Photofocus contributor Nicolesy ran a great post about HDR lately where she asked, is it a fad? The debate in the comments pointed out to me that most folks think you have to shoot from a tripod. While this is ideal, it’s not critical.
The image below was shot handheld. 5 brackets two stops apart each to capture the full dynamic range of the scene. I was shooting up from a dark alley into a bright sky.
I find that the alignment tools in Photomatix Pro are pretty awesome to compensate for shooting handheld. Plus if you modify your shooting style slightly, you should be able to pull this off.
I present one method for shooting handheld HDR, the “Tuck & Blow.”
- Bump up the ISO. Nothing insane, but a little boost can go a long way in cutting down how long the camera is open when capturing the shadow details.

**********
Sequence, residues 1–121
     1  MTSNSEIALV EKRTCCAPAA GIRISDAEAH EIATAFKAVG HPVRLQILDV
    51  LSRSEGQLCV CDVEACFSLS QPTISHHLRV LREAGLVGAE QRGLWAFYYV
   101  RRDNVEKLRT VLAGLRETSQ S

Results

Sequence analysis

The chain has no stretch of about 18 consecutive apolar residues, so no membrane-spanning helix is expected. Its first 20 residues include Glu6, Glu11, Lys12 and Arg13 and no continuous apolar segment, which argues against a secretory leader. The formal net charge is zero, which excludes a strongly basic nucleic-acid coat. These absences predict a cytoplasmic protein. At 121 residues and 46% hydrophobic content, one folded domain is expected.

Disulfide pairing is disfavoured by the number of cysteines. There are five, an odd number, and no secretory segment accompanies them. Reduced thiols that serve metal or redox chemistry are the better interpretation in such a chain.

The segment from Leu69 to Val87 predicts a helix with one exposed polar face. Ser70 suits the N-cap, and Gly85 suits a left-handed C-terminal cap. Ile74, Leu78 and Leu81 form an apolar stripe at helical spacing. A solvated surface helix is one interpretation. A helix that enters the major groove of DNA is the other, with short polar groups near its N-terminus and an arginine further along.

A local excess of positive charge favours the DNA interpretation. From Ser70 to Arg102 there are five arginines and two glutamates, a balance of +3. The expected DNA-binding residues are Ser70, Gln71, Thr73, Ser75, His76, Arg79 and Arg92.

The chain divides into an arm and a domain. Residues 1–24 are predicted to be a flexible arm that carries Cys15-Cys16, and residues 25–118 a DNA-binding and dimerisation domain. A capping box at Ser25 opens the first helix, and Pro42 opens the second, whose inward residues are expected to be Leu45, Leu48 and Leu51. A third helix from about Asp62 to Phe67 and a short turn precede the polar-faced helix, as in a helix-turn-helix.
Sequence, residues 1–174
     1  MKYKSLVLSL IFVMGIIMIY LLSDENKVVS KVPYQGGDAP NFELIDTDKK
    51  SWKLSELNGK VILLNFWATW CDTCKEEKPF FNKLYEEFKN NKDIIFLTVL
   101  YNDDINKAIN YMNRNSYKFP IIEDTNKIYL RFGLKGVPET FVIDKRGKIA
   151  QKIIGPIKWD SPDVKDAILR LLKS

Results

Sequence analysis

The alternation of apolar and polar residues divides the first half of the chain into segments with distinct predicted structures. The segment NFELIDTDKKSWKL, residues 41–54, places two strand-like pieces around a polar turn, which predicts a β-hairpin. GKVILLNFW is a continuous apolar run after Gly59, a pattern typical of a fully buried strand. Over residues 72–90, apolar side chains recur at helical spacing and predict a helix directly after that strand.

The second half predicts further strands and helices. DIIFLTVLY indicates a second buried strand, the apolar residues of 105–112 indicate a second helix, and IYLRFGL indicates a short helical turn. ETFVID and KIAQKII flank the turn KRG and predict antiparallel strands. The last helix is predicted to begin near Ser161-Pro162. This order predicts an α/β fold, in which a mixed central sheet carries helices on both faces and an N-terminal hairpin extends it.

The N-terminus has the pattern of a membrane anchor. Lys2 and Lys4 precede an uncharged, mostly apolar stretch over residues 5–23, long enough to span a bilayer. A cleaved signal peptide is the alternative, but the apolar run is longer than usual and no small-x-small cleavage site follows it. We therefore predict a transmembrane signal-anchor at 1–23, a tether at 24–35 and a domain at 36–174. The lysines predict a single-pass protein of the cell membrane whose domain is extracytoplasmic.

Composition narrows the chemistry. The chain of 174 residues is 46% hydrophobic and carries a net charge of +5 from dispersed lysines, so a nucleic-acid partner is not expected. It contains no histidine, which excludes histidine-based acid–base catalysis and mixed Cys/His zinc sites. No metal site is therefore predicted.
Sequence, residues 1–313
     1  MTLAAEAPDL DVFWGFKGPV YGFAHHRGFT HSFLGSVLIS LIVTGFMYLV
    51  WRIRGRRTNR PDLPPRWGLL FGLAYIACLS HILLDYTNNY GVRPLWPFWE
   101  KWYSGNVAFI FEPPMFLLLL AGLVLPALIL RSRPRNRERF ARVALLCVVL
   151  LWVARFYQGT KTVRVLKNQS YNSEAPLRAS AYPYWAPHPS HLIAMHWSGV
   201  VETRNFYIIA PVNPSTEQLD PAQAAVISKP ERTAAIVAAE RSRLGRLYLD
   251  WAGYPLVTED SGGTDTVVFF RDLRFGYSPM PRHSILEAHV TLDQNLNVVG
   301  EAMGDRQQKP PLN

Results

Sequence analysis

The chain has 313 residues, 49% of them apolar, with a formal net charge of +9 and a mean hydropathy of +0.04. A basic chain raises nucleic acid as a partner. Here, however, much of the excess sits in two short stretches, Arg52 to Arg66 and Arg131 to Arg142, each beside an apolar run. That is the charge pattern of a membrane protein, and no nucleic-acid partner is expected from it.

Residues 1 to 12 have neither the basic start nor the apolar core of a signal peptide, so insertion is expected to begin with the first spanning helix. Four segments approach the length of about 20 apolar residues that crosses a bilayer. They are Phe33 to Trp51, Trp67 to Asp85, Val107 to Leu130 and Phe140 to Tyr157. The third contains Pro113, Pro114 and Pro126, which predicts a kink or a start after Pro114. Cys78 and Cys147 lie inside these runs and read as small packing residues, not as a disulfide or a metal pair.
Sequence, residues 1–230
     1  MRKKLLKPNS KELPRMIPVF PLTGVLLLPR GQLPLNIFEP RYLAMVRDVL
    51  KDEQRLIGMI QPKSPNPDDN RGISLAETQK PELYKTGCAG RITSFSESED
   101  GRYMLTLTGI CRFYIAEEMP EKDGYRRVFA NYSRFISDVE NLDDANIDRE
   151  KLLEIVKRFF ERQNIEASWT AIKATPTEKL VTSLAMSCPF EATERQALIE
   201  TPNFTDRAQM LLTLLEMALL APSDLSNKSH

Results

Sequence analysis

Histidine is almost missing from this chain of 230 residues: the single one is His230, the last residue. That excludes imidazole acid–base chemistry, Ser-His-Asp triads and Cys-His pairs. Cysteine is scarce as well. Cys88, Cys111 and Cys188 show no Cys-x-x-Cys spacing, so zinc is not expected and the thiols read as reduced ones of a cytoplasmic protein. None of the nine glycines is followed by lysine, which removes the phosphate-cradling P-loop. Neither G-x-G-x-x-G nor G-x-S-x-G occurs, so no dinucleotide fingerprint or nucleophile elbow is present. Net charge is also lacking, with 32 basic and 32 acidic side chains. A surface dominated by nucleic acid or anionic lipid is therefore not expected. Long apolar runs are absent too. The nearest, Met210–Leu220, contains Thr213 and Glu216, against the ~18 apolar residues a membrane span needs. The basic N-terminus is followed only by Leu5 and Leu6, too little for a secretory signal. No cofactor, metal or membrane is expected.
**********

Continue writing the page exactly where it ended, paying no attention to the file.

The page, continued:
- High-speed Bust. Set the Camera to a high-speed burst to get the frames as quickly as possible.
- Tuck Your Elbows. Cradle the camera and tuck your elbows to get the most stable shot.
- Exhale and Shoot. Yep, learned that one in ROTC class. Just let your breath go all the way out and then trigger the camera.
Here’s two more examples of what can be done.
First, another high-contrast daylight scene. I really like how the HDR version captures the engravings in the doorway better.
Followed by a lowlight scene shot indoors. The image on the left is a single exposure. The one on the right is a subtle HDR shot with 3 exposures +2 | 0 | -2. The shadowy folds of the shirt pop so much better and the fish stand out more.
Rich has published over 100 courses on Lynda.com. Rich has authored several books including From Still to Motion, Understanding Photoshop, Professional Web Video, and Creating DSLR Video.
Latest posts by Richard Harrington (see all)
- Editing with Photoshop Face-Aware Liquify on a Microsoft Surface - August 17, 2016
- Creating a Timelapse Sequence with Lightroom - August 15, 2016
- Creating a Panoramic Photo - August 13, 2016